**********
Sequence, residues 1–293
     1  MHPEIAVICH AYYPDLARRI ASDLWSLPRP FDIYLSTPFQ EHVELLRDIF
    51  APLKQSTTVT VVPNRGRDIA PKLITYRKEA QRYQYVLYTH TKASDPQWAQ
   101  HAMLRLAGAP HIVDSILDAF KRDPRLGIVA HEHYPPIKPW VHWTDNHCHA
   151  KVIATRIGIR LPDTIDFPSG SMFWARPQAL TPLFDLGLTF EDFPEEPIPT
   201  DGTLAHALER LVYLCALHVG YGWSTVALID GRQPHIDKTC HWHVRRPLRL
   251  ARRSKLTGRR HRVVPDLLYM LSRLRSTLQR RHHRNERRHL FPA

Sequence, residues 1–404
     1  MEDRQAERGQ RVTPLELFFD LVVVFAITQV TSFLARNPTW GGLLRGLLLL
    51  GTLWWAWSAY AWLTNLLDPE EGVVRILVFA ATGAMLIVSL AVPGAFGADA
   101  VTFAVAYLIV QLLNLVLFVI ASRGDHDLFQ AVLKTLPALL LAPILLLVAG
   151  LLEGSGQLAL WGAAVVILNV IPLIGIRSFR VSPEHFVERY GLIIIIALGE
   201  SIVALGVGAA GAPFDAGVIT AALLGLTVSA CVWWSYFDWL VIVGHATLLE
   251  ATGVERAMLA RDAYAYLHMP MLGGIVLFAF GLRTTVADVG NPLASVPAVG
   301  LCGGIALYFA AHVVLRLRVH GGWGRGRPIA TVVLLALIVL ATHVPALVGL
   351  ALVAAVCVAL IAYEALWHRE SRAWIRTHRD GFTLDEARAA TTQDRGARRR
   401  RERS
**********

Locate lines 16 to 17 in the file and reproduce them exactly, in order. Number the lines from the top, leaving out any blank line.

   351  ALVAAVCVAL IAYEALWHRE SRAWIRTHRD GFTLDEARAA TTQDRGARRR
   401  RERS